Desiree shimmied into her red dress. After a few awkward stretches and some obscenities, she managed the back zipper and the little hook-and-eye at the top.
“Who came up with the idea to put zippers in the back, anyway?” she muttered. “It’s not like women have people to dress them anymore.”
She gave a twirl in front of her mirrored closet door. The skirt swooshed around her knees. She slipped on her red flats and grabbed her sweater off the bed, putting it on as she walked through the small apartment. Mittens meowed and wound through her ankles, tripping her up.
“C’mere you big furball,” she said affectionately, scooping him up and giving him a cuddle. He nuzzled her neck and quickly decided he’d had enough. He jumped down right before the doorbell rang. Desiree grabbed her purse and keys and opened the door quickly, not wanting to leave Todd out in the cold too long. It wasn’t that cold in their south Texas town, but Todd was a bit of a baby about such things, although he refused to ever wear a jacket.
“Hey, babe,” Todd said smoothly. His voice washed over Desiree; somehow he always managed to give her goosebumps. His plaid shirts and beard did very little for her, but that voice always made her melt. He gave her a kiss on the cheek and offered her his arm. Desiree took it and locked the door behind her.
The walk to Todd’s car took them around the apartment building. With the exception of an intermittent breeze, Desiree found that she was quite comfortable despite her bare legs. Todd’s black Ferrari was illegally parked in the handicap spot. He was not fond of the extra minute he’d spend walking if he parked past all the residents’ vehicles. He opened the passenger door for her, and she gracefully sat down, swinging her legs in.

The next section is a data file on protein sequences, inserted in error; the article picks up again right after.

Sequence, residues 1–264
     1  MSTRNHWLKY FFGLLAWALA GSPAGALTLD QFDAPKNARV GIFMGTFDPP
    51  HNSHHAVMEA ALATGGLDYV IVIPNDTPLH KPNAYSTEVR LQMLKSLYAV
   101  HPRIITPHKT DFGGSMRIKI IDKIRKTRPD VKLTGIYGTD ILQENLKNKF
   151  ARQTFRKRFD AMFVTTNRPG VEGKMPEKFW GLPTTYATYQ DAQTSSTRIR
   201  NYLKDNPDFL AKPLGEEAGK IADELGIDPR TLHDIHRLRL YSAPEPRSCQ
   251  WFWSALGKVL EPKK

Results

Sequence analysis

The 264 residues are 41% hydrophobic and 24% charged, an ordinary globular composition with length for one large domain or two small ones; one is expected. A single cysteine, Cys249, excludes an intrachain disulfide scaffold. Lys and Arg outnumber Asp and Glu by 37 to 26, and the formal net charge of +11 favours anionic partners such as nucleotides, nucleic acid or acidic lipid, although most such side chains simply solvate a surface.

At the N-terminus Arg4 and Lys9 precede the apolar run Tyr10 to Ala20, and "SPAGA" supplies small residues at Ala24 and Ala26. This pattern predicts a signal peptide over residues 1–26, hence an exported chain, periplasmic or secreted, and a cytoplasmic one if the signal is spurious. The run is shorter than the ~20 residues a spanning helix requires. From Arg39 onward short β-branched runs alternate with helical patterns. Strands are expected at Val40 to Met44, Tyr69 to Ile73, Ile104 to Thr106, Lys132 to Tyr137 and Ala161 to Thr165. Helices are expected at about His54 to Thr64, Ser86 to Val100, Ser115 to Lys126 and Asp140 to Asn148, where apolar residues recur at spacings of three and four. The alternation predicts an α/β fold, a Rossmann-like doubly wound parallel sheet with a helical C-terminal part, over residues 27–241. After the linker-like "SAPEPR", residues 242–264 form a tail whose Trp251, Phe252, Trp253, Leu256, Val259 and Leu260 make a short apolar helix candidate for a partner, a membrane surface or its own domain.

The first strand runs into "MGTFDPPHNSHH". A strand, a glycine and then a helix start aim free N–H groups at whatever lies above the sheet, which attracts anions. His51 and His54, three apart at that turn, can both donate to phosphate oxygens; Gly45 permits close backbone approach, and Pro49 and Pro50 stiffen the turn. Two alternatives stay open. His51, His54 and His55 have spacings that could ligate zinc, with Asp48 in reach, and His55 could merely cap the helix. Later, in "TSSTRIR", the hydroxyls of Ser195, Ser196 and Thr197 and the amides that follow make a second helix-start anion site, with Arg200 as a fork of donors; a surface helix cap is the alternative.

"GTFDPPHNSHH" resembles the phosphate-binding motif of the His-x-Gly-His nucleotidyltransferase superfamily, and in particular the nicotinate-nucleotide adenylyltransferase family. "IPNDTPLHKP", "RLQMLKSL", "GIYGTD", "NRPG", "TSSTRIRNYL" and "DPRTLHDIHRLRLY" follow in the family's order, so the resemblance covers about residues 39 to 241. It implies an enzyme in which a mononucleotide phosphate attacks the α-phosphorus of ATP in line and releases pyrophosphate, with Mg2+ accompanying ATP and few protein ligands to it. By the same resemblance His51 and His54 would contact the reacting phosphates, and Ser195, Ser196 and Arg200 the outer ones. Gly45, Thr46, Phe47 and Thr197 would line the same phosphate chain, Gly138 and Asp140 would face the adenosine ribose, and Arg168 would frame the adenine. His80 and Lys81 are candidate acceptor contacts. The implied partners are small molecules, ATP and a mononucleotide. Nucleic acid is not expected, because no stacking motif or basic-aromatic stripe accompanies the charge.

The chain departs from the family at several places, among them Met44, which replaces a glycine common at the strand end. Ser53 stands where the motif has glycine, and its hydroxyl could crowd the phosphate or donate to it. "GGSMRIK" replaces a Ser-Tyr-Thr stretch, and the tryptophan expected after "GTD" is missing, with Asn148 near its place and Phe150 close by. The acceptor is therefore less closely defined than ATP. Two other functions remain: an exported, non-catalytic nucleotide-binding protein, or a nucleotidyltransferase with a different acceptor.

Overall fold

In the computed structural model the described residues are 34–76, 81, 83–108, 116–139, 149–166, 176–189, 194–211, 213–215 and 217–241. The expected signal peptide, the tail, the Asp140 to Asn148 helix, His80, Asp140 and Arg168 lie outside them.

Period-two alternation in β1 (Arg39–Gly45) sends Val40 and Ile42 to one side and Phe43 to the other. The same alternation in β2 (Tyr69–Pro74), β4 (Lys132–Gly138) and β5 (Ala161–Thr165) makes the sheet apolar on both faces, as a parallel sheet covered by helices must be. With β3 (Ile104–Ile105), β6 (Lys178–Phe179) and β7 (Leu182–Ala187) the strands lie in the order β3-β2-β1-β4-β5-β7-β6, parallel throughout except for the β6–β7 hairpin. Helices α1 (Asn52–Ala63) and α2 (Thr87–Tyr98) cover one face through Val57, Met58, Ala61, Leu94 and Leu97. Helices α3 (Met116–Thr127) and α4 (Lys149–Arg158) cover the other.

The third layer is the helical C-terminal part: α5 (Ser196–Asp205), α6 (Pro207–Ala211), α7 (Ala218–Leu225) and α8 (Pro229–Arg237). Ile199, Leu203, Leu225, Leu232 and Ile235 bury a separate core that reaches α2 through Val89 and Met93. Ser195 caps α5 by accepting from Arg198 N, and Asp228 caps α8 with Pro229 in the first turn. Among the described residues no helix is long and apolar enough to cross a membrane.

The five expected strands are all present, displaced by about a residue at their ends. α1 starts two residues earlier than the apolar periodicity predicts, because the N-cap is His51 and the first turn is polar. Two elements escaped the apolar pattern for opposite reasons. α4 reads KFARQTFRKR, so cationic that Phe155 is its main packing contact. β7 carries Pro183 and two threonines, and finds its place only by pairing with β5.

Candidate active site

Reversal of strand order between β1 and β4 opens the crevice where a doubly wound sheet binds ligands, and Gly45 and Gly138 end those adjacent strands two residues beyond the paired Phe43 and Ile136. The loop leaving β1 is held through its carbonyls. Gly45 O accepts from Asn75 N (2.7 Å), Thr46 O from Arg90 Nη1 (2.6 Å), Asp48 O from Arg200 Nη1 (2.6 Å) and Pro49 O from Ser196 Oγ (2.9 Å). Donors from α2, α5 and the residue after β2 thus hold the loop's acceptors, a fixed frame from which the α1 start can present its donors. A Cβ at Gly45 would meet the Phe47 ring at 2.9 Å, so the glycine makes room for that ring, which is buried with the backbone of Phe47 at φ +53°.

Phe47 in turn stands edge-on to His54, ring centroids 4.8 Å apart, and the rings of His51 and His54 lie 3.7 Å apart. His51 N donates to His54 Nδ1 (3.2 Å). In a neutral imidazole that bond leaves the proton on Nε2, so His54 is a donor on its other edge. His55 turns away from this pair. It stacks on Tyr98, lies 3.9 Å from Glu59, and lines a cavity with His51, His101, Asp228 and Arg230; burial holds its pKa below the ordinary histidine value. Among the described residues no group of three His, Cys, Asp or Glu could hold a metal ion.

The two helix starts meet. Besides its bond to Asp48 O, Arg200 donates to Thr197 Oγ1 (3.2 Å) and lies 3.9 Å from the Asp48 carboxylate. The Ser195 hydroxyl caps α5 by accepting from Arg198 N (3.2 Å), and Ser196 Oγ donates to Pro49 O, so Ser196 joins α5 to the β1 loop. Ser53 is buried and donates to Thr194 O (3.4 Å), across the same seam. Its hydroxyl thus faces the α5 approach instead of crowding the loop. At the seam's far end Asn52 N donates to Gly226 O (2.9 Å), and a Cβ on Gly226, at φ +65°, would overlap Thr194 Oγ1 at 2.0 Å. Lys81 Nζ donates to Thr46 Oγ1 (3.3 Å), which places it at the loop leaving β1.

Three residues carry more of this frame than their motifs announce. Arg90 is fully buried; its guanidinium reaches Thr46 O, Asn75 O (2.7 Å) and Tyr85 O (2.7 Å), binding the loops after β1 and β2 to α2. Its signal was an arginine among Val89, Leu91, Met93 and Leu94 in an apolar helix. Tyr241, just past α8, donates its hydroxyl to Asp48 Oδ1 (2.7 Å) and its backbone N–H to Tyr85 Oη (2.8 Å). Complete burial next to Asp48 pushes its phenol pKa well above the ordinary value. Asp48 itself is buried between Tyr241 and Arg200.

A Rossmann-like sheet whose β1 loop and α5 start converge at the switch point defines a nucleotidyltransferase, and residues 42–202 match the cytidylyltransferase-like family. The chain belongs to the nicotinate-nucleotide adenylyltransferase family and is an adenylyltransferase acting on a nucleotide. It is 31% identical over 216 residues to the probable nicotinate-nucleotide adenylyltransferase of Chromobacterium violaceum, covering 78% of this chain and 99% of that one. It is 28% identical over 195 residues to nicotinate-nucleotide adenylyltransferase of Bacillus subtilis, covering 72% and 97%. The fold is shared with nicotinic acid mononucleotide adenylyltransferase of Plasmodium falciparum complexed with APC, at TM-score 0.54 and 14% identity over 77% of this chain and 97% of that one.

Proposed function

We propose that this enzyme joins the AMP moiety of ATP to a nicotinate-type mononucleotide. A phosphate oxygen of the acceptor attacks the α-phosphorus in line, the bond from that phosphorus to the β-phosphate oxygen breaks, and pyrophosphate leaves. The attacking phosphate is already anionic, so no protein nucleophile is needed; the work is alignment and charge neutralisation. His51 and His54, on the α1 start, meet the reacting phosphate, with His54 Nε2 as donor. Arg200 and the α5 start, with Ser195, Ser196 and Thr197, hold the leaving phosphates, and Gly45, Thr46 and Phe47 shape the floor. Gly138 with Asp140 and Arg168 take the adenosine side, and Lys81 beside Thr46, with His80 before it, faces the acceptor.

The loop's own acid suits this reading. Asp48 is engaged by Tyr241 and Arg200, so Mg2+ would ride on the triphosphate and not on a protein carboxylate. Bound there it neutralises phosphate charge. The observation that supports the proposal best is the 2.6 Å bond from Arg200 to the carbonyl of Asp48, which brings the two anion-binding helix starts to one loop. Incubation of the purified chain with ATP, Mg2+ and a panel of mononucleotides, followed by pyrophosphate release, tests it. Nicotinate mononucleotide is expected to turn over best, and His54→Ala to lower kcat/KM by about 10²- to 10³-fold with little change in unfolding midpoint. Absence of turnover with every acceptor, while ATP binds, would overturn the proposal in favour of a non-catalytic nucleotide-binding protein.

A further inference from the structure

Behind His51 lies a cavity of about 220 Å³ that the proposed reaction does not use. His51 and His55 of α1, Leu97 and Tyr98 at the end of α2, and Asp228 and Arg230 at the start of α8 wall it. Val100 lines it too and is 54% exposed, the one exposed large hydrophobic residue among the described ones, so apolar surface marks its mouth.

They arrived at Galaxy 21 a mere five minutes later. The quaint cafe catered to the hipster crowd. Desiree didn’t fit in, but Todd was right at home. They ordered French toast and an omelet, respectively, and Todd excused himself to the restroom. He was gone a long time, and Desiree wondered if he was ill. He finally came walking back at the same time as their waitress brought their breakfast. The blonde server set their food down and walked off. Todd knelt down as though he were going to tie his shoe.
“What are you do—” Desiree started to ask, remembering that he had elastic laces on his shoes. She stopped short, catching sight of a diamond ring sitting daintily on top of the whipped cream on her French toast.
“I love you, Desiree Rodgers. We’re great together; we’ll always be great together. Will you marry me?”
Todd’s smile was so earnest that Desiree felt a genuine pang in her heart as she turned him down. “Todd, I’m sorry. We’ve talked about this. You know I don’t want to get married. But we are great together. Let’s just keep things like they are.”